For West Side Story, a reinterpretation of William Shakespeare’s Romeo and Juliet transposed onto New York’s West Side, Bernstein worked with the brilliant choreographer Jerome Robbins and the lyricist Stephen Sondheim. West Side Story tells the tale of a love affair between Tony, who is Polish American, and Maria, a Puerto Rican, set against an urban background of interracial warfare. With its gritty story and volatile dance sequences, West Side Story was the antithesis of traditional American musicals. Bernstein’s exhilarating, semi-operatic score runs throughout the play and keeps the tension and emotion high.

When it opened on September 26, 1957, West Side Story received a mixed critical response. Debuting one day after the forced integration of Central High School in Little Rock, the musical’s story of racial conflict was discomfiting to some. West Side Story won just two Tony Awards, for choreography and set design, but made an impressive maiden run of 732 performances. In 1961, a film version starring Natalie Wood, Rita Moreno and Richard Beymer was an enormous hit, and took home 10 Academy Awards, including Best Picture. The stage version of West Side Story was soon revived, and the musical is still performed today.

Leonard Bernstein was also a talented educator who taught America about classical music with the television programs Omnibus and Young People’s Concerts. In 1973, he was invited to Harvard to lecture on linguistics and music. He died in 1990 at the age of 72.


1957 Original Broadway Production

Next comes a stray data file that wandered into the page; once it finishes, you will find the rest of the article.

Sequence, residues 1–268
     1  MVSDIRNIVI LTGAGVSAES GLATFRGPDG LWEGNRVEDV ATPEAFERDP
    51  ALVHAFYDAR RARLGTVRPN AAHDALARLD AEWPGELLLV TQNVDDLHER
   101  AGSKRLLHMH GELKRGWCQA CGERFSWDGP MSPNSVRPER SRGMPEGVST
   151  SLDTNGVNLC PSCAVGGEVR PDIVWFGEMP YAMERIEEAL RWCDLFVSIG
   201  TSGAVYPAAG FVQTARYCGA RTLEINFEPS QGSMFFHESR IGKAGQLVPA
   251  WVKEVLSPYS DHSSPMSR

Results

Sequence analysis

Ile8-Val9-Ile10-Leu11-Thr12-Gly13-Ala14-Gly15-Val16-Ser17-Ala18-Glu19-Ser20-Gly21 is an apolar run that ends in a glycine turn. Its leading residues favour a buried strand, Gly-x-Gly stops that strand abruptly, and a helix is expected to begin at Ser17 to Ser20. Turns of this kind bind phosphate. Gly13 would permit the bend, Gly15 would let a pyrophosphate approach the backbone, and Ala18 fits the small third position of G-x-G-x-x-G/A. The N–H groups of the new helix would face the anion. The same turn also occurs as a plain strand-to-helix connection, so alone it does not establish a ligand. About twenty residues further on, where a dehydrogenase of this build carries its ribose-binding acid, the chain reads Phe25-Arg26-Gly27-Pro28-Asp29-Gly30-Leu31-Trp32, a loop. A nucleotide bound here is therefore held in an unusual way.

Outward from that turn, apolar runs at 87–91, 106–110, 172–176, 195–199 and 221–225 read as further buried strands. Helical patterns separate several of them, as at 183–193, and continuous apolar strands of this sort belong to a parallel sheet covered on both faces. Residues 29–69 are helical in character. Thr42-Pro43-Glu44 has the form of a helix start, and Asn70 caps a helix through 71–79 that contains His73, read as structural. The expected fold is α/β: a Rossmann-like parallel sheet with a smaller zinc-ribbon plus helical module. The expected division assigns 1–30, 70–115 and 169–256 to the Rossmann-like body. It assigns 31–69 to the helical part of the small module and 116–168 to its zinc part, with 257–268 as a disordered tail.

It is widely known that West Side Story (WSS) is based directly on Shakespeare’s Romeo and Juliet (R&J). Jerome Robbins had at first envisioned Juliet as a Jewish girl and Romeo as an Italian Catholic. The action, set during the Easter-Passover season, was to have occurred on the Lower East Side of New York City. Hence the title might have been EAST Side Story. (Another working title was Gangway!) That was in 1949. Six years later, Laurents and Leonard Bernstein were working (independently) in Hollywood, where they conferred on the aborted project. The newspapers were filled with reports of street riots by Chicano Americans in Los Angeles.

Those headlines turned the trick, triggering the imaginations of the collaborators. The locale swiftly shifted to New York’s West Side, and in 1957 WSS exploded onto the American State. In the decades that have passed, WSS has become a contemporary classic.

© New York Public Library, Friedman-Ables, photographer


1957 Original Broadway Production

Mickey Calin … Riff (The Leader, The Jets)
Larry Kert … Tony (Riff's Friend)
Carol Lawrence … Maria (Bernardo's Sister)
Ken Le Roy … Bernardo (The Leader, The Sharks)
Chita Rivera … Anita (Bernardo's Girl)
Art Smith … Doc (One of the Adults)
Lee Becker … Anybodys (A Jet)
Grover Dale … Snowboy (A Jet)
Arch Johnson … Schrank (One of the Adults)
Tony Mordente … A-Rab (A Jet)
Eddie Roll … Action (A Jet)
David Winters … Baby John (A Jet)
Tommy Abbott … Gee-Tar (A Jet)
William Bramley … Krupke (One of the Adults)
Hank Brunjes … Diesel (A Jet)
Erne Castaldo … Toro (A Shark)
Martin Charnin … Big Deal (A Jet)
Marilyn Cooper … Rosalia (One of the Sharks' Girls)
Wilma Curley … Graziella (One of the Jets' Girls)
Carole D'Andrea … Velma (One of the Jets' Girls)
Al De Sio … Luis (A Shark)
Marilyn D'Honau … Clarice (One of the Jets' Girls)
Gene Gavin … Anxious (A Shark)